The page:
For them, the “finish line” was wearing a gold medal and hearing their country’s anthem as they stood on the medal stand. For me, it was writing a book that could help people all over the world–and I was willing to temporarily give up pretty much anything to experience it before I died.

That’s why having a compelling vision is so important.

If the vision is to be the coolest guy in your hometown, to have more social media followers than a Kardashian sister, or to have enough money that you could fill up your backyard pool with $50 bills, then don’t bother.

None of that silliness will wake you up at 3AM, I promise.

But service will do it.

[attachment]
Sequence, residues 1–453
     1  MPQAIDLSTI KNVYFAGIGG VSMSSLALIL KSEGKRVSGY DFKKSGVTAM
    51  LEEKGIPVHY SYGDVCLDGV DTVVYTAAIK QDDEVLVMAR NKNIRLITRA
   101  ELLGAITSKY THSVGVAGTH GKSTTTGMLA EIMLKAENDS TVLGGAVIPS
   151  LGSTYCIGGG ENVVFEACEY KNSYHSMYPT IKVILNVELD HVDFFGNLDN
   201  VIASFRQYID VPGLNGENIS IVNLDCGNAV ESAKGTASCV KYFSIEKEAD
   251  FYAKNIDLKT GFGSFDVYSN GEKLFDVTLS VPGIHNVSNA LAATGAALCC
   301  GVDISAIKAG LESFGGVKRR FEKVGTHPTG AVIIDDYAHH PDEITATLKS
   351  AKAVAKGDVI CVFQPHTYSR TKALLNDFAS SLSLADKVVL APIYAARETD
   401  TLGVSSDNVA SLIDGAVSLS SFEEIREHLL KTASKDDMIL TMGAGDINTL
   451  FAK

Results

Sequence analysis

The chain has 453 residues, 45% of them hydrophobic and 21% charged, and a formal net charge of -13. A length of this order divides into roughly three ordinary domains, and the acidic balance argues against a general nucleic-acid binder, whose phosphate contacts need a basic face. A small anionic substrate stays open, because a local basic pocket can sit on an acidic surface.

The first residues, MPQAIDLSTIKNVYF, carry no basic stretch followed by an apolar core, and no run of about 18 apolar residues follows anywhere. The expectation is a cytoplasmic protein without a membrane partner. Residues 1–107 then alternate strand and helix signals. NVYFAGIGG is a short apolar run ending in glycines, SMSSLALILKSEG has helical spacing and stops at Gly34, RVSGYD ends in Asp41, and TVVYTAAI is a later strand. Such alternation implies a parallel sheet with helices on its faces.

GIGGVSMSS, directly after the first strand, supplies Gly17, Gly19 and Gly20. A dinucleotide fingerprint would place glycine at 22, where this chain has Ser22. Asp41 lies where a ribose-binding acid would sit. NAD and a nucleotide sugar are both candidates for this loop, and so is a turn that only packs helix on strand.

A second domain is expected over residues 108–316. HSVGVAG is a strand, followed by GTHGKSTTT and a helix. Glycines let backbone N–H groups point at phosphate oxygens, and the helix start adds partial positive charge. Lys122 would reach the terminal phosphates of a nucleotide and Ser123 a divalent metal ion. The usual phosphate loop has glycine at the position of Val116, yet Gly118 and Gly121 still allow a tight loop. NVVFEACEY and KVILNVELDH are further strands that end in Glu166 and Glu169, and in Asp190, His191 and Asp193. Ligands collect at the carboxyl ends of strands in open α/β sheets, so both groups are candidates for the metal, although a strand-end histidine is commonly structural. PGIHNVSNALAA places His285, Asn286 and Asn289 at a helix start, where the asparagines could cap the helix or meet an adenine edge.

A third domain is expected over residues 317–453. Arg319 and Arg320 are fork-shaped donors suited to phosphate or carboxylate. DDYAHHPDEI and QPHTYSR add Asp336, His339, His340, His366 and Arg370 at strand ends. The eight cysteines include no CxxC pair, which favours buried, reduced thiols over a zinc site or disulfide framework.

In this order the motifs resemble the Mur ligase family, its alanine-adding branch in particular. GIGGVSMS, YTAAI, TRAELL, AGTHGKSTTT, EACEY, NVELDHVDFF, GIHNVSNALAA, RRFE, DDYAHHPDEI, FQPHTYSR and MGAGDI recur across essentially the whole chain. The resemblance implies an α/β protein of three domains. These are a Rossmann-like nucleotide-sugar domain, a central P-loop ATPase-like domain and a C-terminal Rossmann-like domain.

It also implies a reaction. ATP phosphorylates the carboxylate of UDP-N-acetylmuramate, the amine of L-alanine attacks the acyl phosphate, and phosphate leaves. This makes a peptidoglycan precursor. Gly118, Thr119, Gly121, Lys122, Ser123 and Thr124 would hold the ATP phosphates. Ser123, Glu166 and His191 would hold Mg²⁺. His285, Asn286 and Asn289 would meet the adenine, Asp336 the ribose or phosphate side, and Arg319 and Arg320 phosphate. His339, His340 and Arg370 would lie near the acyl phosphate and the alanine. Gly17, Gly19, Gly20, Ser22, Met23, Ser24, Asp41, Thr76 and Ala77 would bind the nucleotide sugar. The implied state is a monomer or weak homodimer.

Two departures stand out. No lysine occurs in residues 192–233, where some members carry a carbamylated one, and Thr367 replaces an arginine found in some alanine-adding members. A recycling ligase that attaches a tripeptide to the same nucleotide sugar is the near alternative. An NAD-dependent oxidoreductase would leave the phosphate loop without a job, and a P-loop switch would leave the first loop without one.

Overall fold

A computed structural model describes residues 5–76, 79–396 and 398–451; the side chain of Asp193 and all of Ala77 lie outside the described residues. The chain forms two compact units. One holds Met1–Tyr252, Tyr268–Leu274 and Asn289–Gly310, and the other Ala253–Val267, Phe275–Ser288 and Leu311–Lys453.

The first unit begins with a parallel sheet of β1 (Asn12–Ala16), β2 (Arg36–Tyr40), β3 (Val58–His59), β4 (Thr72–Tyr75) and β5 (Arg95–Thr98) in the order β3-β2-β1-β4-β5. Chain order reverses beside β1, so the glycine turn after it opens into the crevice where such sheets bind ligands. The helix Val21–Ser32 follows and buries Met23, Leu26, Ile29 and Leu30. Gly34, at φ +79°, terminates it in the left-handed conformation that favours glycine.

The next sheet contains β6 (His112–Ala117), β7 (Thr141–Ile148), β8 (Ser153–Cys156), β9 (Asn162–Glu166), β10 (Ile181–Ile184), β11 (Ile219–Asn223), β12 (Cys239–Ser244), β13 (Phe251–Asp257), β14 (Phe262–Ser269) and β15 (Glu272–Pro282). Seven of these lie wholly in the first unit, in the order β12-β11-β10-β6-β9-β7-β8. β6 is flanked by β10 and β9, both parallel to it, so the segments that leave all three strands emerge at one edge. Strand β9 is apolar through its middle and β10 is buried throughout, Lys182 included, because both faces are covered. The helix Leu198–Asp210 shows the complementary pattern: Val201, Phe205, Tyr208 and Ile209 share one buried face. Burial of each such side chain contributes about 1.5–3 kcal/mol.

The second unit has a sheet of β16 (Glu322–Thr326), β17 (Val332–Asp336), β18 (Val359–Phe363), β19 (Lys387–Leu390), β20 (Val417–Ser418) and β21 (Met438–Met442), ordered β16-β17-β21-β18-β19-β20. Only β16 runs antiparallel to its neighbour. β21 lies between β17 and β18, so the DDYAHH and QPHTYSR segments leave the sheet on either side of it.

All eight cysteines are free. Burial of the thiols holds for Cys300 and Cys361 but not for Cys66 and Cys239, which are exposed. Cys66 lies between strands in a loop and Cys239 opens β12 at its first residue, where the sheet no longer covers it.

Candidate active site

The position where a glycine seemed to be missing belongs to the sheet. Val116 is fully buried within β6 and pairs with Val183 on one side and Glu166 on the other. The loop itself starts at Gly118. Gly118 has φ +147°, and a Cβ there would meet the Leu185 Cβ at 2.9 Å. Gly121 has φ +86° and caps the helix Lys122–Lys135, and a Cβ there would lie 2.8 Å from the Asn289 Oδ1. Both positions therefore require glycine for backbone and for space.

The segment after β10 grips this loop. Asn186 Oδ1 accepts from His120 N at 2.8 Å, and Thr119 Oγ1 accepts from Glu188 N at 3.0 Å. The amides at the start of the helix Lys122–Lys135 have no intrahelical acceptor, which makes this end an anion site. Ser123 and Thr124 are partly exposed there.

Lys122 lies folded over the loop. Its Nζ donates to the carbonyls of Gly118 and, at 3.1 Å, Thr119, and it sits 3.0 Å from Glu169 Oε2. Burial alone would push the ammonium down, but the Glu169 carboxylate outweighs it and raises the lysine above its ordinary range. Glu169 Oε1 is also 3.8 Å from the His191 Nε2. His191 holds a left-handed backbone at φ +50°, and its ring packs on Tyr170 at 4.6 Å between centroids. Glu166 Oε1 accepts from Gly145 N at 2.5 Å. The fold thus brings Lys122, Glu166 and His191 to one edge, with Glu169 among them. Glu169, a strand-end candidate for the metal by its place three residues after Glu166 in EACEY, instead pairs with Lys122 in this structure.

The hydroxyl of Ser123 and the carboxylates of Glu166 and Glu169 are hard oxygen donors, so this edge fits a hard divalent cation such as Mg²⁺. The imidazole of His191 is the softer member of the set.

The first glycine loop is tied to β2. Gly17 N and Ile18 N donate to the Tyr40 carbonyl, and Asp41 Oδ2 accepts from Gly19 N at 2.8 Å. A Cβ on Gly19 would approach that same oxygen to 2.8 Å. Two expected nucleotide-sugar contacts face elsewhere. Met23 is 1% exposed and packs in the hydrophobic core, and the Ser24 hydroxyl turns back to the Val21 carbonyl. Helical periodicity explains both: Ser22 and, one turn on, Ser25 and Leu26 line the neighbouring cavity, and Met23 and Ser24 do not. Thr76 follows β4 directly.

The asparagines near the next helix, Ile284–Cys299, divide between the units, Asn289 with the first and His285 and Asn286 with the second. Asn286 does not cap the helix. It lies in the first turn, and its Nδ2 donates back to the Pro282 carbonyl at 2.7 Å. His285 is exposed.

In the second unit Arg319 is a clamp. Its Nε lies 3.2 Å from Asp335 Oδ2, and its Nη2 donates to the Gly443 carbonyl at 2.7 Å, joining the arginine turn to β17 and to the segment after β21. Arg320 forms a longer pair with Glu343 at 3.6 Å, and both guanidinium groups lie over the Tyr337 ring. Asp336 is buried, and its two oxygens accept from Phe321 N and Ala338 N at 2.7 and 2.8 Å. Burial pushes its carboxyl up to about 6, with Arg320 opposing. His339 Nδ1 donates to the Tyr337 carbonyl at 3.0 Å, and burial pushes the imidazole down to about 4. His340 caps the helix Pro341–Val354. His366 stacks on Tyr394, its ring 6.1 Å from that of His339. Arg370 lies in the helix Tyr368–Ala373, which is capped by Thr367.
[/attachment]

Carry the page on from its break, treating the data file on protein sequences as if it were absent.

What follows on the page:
Whether it’s service to your family, to people in need, to your country, or to a cause that’s special to you, those are usually the things that will keep you moving forward, even when you don’t feel like it. That’s the secret sauce.

It’s also the secret that will inspire you to give up the things that are good, in order to experience the great.

And there is no doubt that you deserve to experience all of the greatness that the world has to offer.

The only question is, what are you willing to give up to get it?

Your Turn

Have you ever had to give up something in order to experience some better? What are you willing to give up in order to experience your life’s dream? Jump into the comments below and make your voice heard!



Founder of The Positivity Solution
Author, keynote speaker, and kindness extremist who is committed to changing the world by helping as many people as possible to live and work with more positivity.